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Xiaan Bodyart Pain
"Life is pain, Highness. Anyone who says differently is selling something."

Westley, from The Princess Bride

  

i hurt myself today to see if i still feel i focus on the pain the only thing that's real the needle tears a hole the old familiar sting try to kill it all away but i remember everything what have i become? my sweetest friend everyone i know goes away in the end you could have it all my empire of dirt i will let you down i will make you hurt i wear my crown of shit on my liar's chair full of broken thoughts i cannot repair beneath the stain of time the feeling disappears you are someone else i am still right here what have i become? my sweetest friend everyone i know goes away in the end you could have it all my empire of dirt i will let you down i will make you hurt if i could start again a million miles away i would keep myself i would find a way

hurt, by nine inch nails

Why Write About Pain?

Maybe it's a comment on the state of society, as in "Boy, are they ignorant!", which may be true, but I hate it when all people can think of to ask me about my piercings or my planned tattoo is "Did it hurt?". Of course it did! What do you think? That putting a needle through one of the most sensitive parts of your anatomy is painless? It's a stupid question, so take a look at some more stupid questions and some witty replies that I've collected.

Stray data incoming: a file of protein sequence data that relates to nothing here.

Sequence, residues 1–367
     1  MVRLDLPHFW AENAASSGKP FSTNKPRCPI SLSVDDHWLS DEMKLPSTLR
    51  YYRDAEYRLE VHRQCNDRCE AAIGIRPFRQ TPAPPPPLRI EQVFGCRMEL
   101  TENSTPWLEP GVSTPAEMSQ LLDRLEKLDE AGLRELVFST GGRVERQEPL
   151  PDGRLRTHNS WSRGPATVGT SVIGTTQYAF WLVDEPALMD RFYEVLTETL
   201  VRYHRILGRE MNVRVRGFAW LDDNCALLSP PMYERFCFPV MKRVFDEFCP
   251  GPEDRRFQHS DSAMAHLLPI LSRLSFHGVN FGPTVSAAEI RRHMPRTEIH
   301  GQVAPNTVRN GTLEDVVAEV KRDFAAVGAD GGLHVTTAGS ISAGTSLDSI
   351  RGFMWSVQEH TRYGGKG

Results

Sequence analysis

Pain Is Relative

Anyway, the whole idea of pain is relative, especially when you begin to classify it. First, there's the division between physical pain and emotional pain. There's a very real difference between the two, and being a human being, I will always chose physical pain over emotional pain (more on this later in the text). An interesting way to relate the two is that physical pain can sometimes be used to displace emotional pain. Reducing an emotion to a very basic, easy to identify physical pain can be the easiest way out. Somehow it makes things simpler. If you know anything about the psychology of pain, physical pain is used by a lot of people to deal with emotional pain.

Bodyart As Pain